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Researchers at Harvard Medical School have come up with a find-and-replace tool for editing the genetic code of living bacteria. The technique offers a more powerful way to manipulate living organisms, and could eventually be used to make industrial microbes that are safer, more robust, and produce new kinds of drugs and chemicals.

Most of the genes that make up an organism’s genetic code are essentially design plans for making proteins. Each gene consists of a long strand of molecules, called nucleotides. Three such nucleotides—a group known as a codon—tell a cell which amino acids it should use while building a protein.

Cells can use 22 naturally occuring amino acids as building blocks to make proteins, but chemists have synthesized over a hundred so-called “unnatural amino acids” in the lab using the tools of chemistry, not biology. Naturally occuring organisms can’t make or build with these chemicals. Organisms that could build proteins using these amino acids would open up new possibilities, particularly in drug development. But normal cells lack the necessary genetic code to work with these unnatural amino acids.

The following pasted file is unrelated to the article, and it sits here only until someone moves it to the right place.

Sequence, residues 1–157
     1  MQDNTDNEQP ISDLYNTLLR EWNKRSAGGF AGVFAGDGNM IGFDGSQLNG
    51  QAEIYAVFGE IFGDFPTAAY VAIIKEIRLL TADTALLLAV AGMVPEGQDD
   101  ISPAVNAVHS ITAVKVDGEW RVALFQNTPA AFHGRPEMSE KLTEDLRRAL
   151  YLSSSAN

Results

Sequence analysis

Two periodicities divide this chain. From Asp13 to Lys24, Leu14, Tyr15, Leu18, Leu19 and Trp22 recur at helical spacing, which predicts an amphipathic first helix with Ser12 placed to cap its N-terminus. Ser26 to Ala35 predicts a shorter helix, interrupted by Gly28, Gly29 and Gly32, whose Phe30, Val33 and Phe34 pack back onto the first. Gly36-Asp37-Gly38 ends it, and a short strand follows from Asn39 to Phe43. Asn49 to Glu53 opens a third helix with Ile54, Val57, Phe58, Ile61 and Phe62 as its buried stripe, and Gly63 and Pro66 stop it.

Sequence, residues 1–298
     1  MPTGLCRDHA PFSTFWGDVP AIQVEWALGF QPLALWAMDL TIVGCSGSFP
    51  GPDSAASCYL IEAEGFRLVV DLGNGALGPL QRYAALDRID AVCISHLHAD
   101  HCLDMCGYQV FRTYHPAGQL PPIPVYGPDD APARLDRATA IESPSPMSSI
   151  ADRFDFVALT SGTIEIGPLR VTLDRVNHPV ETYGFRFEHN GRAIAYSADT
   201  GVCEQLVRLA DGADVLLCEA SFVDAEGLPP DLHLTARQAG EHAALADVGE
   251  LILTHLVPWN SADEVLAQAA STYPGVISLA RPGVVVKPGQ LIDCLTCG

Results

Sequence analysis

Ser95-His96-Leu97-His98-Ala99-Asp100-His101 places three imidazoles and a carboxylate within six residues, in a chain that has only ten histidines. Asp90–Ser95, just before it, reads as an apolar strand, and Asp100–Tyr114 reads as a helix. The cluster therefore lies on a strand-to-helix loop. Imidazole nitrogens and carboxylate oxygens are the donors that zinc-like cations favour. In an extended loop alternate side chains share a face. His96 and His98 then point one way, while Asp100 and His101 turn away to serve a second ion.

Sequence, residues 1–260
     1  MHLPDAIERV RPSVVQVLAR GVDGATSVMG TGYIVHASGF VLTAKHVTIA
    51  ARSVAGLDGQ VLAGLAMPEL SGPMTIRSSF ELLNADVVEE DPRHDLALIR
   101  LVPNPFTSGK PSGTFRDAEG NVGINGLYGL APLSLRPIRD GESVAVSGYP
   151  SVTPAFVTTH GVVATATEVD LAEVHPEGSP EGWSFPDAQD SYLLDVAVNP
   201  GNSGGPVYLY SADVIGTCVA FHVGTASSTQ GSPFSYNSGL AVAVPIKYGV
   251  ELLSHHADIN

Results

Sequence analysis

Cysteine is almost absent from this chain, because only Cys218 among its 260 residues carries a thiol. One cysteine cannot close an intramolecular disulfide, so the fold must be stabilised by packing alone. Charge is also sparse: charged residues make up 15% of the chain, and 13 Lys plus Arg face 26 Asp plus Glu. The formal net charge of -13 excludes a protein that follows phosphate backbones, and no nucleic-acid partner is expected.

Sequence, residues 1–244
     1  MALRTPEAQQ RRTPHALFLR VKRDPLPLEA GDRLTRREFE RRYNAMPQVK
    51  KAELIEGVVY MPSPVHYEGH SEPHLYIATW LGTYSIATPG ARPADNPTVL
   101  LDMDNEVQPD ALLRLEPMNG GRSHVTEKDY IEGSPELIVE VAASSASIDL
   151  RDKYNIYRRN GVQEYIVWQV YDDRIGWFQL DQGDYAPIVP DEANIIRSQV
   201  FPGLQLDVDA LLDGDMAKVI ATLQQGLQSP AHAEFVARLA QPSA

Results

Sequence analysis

A team at Harvard, led by George Church, has developed a tool for editing genes that could change this. To make microbes capable of building proteins that incorporate unnatural amino acids, researchers need to be able to both edit all of certain codons in the genome, and to manipulate the cell machinery that reads those codons. The new tool lets them do the first part.

Church says he hopes to achieve three goals with the approach. First, he wants to build bacteria that can produce new drugs and other chemicals. Second, he wants to genetically engineer bacteria that cannot live outside the lab because they need unnatural amino acids to survive—a feat that could prevent the environmental damage that might result from such bacteria being let loose in the world. And third, he wants to make bacteria that are immune to viruses, since viruses can cause problems in industrial production. “The way to achieve all these things is to change the [meaning of the] genetic code of your favorite organism,” says Church.

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Credit: Farren Isaacs

Tagged: Biomedicine

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